Who are new wave home-schoolers? The ‘NewWavers’ come from the far left and the far right. On the right, I give you the Rick Santorums (see Andrew O'Hehir's Rick Santorum's Home School Hokum) and the Quiverfull. Full of the babies God ordained, and often short on formal education (see Kristin Rawl's Home Schooled and Illiterate) – they are certain about one thing, their kids are not going to suffer the indignity of exposure to secular humanism (i.e. David Goetsch's Liberal Lies About Homeschooling). On the left, the new-school homesteaders don't shy away from DIY parenting (see Dana Goldstein's Liberals Don't Home School Your Kids, Milton Gaither's Home Schooling Goes Mainstream and Margaret Heidenry's My Parents Were Home-Schooling Anarchists), this trend seems to coincide with the increasing desire to reconnect with the American frontier – à la Laura Ingalls – crafting beer cozies, planting tomatoes and fava beans in the yard, and practicing attachment parenting (full disclosure – I harbor a deep and abiding love for tomatoes, favas, and cozies of all kind). I'm oversimplifying, of course, but as the movement grows, it is certain that more transparency and debate are needed.
Why would these seemingly highly divergent families reach the same conclusion on childhood education? What is driving this exodus from the once revered public school system? The glue that binds is control. They may point to perceived gaps in curricula, or failing test scores, but these excuses conceal a much simpler desire, the desire to exert control. Control over what their progeny are exposed to, and a rejection of leaving it to outsiders to decide. These parents may want to insulate their children from assault by the Christianity-default, or unrestrained bullying, or they may wish to bury the kids in Veggie Tales and ABC Bible Verses, but they share in their desire to reject and circumvent government regulation and they have no qualms about their ability to be better educators than the professionals. But we have no way to know whether these children are learning at all, whether they are faring better or worse from a purely academic standpoint than their traditional-school counterparts.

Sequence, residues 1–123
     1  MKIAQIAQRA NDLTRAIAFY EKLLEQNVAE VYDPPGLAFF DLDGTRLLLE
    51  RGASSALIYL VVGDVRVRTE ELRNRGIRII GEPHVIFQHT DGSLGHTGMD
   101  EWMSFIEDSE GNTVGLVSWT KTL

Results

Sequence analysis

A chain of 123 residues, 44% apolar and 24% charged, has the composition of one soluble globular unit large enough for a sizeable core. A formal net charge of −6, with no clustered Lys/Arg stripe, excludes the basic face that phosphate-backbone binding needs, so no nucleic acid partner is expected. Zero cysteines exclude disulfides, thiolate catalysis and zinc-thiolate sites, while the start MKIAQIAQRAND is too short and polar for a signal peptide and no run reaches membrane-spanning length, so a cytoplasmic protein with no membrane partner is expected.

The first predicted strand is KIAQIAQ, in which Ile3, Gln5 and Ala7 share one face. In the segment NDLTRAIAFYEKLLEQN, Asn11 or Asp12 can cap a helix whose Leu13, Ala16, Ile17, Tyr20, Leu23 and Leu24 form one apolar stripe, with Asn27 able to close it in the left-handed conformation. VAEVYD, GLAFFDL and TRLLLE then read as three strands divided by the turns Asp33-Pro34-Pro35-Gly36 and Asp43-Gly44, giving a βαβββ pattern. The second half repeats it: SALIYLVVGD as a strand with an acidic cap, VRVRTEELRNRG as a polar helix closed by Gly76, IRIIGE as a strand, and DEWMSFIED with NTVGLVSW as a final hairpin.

More to the point, how is the desire to play an active role in one’s child’s education possibly anti-feminist? There are a multitude of reasons why I view this particular brand of homeschooling as anti-progressive, but the anti-feminist ramifications stem from one extremely simple truth. Mothers almost universally fill the position of 21st Century schoolmarm within the family. Educated, uneducated, wealthy, poor, professors, lawyers, waiters, salesmen and accountants – it is the mother who gives up her career/education/independence to educate the children and the father who labors to finance this luxury. This is not to say that homeschooling can never be progressive – or can never encourage gender equity - but this incarnation, reinforcing gender regressive modeling, is not going to succeed in in doing it. Putting aside the common arguments that women are either more innate nurturers, or that it is more practical to take women out of the workforce (as the maligned gender makes a mere 70¢ on her male counterpart’s dollar), placing women exclusively in the role of teacher-mother has the potential to weaken the social, familial and political advancements women have made.
Here are just a few reasons why. Returning mothers to the home to devote the entirety of their selves to their children subordinates women, albeit voluntarily in most cases (Quiverfull aside). It requiring her to be tethered to her children at all times. It broadcasts to the child that the mother is slave to the child’s needs – while the father has an identity that transcends the family. It ties intrinsically mother’s personhood to the role of motherhood. It teaches children that education is inextricably linked with being mothered, with possible consequences for the child’s education once she naturally seeks to establish maturity by rebelling against parental control. It would appear to inhibit in many cases the ability of both mother and child to develop a separate self, a life beyond their relationship.
Finally, the home-schooling mother is necessarily dependent on father for economic survival. This doesn’t just affect the balance of power in the marriage – but it fosters a feeling of entrapment in the way in which women were trapped by marriage before the feminist revolution. If the mother leaves the marriage, she loses her economic lifeline. Most likely she will now need to place the child in traditional school, and she will need to return to the workforce after prolonged absence. For the woman who has convinced herself that such actions are harmful to the child – as she must have – and who has been consumed by the role of mother so entirely, it will feel supremely selfish and ‘wrong’ to take this step.
Homeschooling parents are not right or wrong, they are not good or bad. Homeschooling can no doubt lead to positive outcomes for many children. But these issues, the ramifications for all involved, must be weighted against any perceived benefits to the child’s educational or social development. Moreover, regardless of all else, regulation is needed to ensure that these children are in fact receiving an education.